It has been four years since Feb. 29 has been on our calendars. Leap day is one many people know of but very few know the reason we have it.
Since man’s first attempt to make a calendar that represents the time it takes for the earth to circle the sun, calculating the exact formula has proven difficult. Many calendars were made modifying leap days and leap years before 1582, when Pope Gregory XIII introduced the Gregorian Calendar — a calendar we still use to this day — that gives the world a formula that maximizes our time in the year, allowing days and months to stay in step with the seasons.
Along with the special origin of leap year, having a birthday on Feb. 29 is unique. Freshman Joshua Wesley said having a birthday on leap day is a special and rare thing in which he finds enjoyment.
“It’s funny to tell people that I’m 5 or 4 and a half [years old],” said Wesley. “They’re like, ‘What? 4 and a half?’”
Being born on a leap day means one only has their birthday once every four years, which isn’t a bad thing in University Communications & Marketing assistant director Tom Buterbaugh’s opinion.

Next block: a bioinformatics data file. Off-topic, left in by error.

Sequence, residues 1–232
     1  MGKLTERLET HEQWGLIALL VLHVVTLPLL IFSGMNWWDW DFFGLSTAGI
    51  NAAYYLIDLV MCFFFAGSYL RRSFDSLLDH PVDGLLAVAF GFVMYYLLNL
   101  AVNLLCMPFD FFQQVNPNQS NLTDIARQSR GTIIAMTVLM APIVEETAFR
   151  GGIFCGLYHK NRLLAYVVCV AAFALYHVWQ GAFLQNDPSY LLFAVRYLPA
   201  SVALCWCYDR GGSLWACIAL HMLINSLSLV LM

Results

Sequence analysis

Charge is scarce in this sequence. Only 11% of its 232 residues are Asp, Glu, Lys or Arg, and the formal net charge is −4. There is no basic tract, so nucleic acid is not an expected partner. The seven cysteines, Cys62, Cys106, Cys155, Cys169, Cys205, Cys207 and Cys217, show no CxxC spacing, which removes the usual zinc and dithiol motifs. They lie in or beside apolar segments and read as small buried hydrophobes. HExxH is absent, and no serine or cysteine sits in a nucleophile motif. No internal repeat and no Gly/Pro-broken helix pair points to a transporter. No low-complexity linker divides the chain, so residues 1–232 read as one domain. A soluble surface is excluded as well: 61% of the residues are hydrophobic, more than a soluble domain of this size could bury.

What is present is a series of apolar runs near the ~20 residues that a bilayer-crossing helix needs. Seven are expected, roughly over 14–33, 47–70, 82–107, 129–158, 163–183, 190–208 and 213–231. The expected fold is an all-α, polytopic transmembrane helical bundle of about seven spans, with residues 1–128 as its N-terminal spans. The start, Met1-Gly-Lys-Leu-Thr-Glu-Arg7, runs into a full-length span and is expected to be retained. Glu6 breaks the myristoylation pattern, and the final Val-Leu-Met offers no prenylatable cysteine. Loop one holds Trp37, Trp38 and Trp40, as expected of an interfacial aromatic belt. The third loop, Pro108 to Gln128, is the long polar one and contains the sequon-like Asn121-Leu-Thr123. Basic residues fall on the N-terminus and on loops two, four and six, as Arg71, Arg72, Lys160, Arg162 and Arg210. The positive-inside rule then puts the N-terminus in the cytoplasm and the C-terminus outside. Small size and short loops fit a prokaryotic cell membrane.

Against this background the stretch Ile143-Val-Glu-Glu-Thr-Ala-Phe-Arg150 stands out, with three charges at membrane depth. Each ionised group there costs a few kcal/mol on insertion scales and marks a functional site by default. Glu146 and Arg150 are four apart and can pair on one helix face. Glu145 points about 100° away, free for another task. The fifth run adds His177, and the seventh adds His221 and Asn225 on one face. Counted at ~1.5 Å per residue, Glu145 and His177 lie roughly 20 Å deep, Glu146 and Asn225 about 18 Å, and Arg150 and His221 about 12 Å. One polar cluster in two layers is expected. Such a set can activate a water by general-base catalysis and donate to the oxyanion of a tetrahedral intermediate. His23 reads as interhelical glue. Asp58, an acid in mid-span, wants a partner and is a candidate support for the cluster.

“It’s good,” Buterbaugh said. “You don’t get old.”
Because leap day babies only have birthdays every four years, they have the freedom to celebrate it on either March 1 or Feb. 28. In junior Nora Roberts’ case, she sometimes chooses any day of the year to be her birthday.
“Two years [ago], I had my birthday on just a random day because I didn’t have an actual birthday that year, so I was just like, ‘Well, who’s stopping me?’” Roberts said.
So, why should you care about this holiday? Because with it being carefully placed every four years, you don’t lose time. February gets to be longer, and if you are like Roberts, Wesley or Buterbaugh, you get to stay young forever.
Before you have to wait four more years to celebrate leap year, take some time this Feb. 29 to enjoy the unique day and make a joke about your friend only being 5 years old.